Photo Information

Capt. Niloofar Rahmani, the first female fixed-wing pilot in the Afghan Air Force, speaks with a female pilot from Marine Aerial Refueler Transport Squadron 352 in a KC-130J Super Hercules aboard Marine Corps Air Station Miramar, Calif., March 9. Rahmani received the 2015 International Women of Courage award by the Department of state for her courage in advocating women’s rights despite personal risk.

Photo by Sgt. Melissa Lee

Awardee of the International Women of Courage visits 3rd MAW

10 Mar 2015 | Sgt. Melissa Lee 3rd Marine Aircraft Wing

Captain Niloofar Rahmani was just 18 when she became the first female fixed-wing pilot in Afghanistan with the Afghan Air Force. From the beginning colleagues, extended family members and even some members of the Taliban disapproved of her choice, but she still continued to pursue her dream.

Rahmani, now an International Women of Courage Award recipient visited Marine Corps Air Station Miramar, Calif., to speak to women pilots and leaders and see the aircraft of 3rd Marine Aircraft Wing, March 9.

Rahmani received the award for her courage to become a military pilot and face day-to-day threats and challenges from people who disapproved of her career and ambition.

“It makes you become very appreciative for what we have,” said 1st Lt. Alisa Sieber, a pilot with Marine Aerial Refueler Transport Squadron 352 and a San Diego native. “She has been through a lot and it’s really inspiring to hear her story.”

In honor of International Women’s Day, the Department of State will host ten women of courage on a special initiative to recognize women who have shown exceptional courage and leadership in advocating for human rights and empowerment, often at great personal risk.

Rahmani explained after hearing about opportunities for young women to join the Afghan Air Force through the media, she knew she had to jump on the opportunity.

“I wanted to complete my father’s dream to become a pilot,” said Rahmani. “Since he was a child, he never got the opportunity.”

Throughout her training and career, she has been thought less of by her male counterparts and many people throughout her culture began threatening her safety and the safety of her family.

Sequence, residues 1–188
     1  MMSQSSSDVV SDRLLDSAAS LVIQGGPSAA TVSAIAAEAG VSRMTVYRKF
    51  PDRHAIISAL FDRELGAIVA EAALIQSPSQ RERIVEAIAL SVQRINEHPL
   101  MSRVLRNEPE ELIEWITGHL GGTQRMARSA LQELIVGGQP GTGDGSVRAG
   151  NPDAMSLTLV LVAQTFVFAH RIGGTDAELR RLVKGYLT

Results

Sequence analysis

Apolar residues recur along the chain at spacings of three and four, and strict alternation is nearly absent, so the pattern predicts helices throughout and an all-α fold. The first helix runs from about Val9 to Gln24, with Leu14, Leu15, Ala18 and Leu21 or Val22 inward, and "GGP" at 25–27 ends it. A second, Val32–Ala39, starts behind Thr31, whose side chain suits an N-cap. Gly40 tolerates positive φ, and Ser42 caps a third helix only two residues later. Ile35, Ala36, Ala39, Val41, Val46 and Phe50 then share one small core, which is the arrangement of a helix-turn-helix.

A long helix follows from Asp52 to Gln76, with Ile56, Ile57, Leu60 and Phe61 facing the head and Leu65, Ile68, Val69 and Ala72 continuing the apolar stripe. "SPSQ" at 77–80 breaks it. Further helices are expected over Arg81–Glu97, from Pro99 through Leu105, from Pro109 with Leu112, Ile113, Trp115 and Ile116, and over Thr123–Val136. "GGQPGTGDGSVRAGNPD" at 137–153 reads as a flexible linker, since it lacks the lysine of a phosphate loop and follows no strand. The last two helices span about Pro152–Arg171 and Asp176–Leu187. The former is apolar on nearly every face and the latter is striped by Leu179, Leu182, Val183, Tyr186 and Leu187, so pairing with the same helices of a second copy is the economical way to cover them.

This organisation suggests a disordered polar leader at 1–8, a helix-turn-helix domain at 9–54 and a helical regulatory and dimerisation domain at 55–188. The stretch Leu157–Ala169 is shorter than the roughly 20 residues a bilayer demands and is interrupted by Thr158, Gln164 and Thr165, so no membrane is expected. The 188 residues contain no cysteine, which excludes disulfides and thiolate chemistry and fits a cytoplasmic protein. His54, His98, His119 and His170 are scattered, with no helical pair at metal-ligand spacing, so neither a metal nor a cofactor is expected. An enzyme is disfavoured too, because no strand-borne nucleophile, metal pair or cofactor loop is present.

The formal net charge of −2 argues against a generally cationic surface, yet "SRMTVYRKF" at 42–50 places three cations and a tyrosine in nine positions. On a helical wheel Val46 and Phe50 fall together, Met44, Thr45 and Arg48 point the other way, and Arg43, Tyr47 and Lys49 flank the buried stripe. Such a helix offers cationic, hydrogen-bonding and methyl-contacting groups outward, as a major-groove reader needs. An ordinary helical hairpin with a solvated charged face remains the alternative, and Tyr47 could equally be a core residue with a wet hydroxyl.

“[My family] still get threats, but they are still supporting me,” she said. “People are upset because they think I’m changing the culture, but I am not, I’m just fighting for the rights of women. We need females to be in each part of society. They aren’t just threatening me to stop doing my job; they are threatening my family and our lives.”

Despite the threats and hardships, she plans to continue pursuing her career as a pilot and hopes to one day become an instructor.

“I started this job and I was sure these kinds of problems would happen,” Rahmani said. “I was expecting this and my family was expecting this, but now it is actually happening and it’s something I cannot just think of as a joke; but on the other hand, I don’t want to give up because this will prove to them that I am not a strong person.”

Rahmani also strives to encourage women around the world to chase their dreams and fight for their rights.

“I would just want to encourage of all the females around the world, especially in my country where the females have no rights, to just believe in themselves and to have more self-confidence,” she said. “Even if there are people who say ‘you can’t because you are just a female’ they should always just believe in themselves as a person. If they have self-confidence, they will be able to do whatever they want.”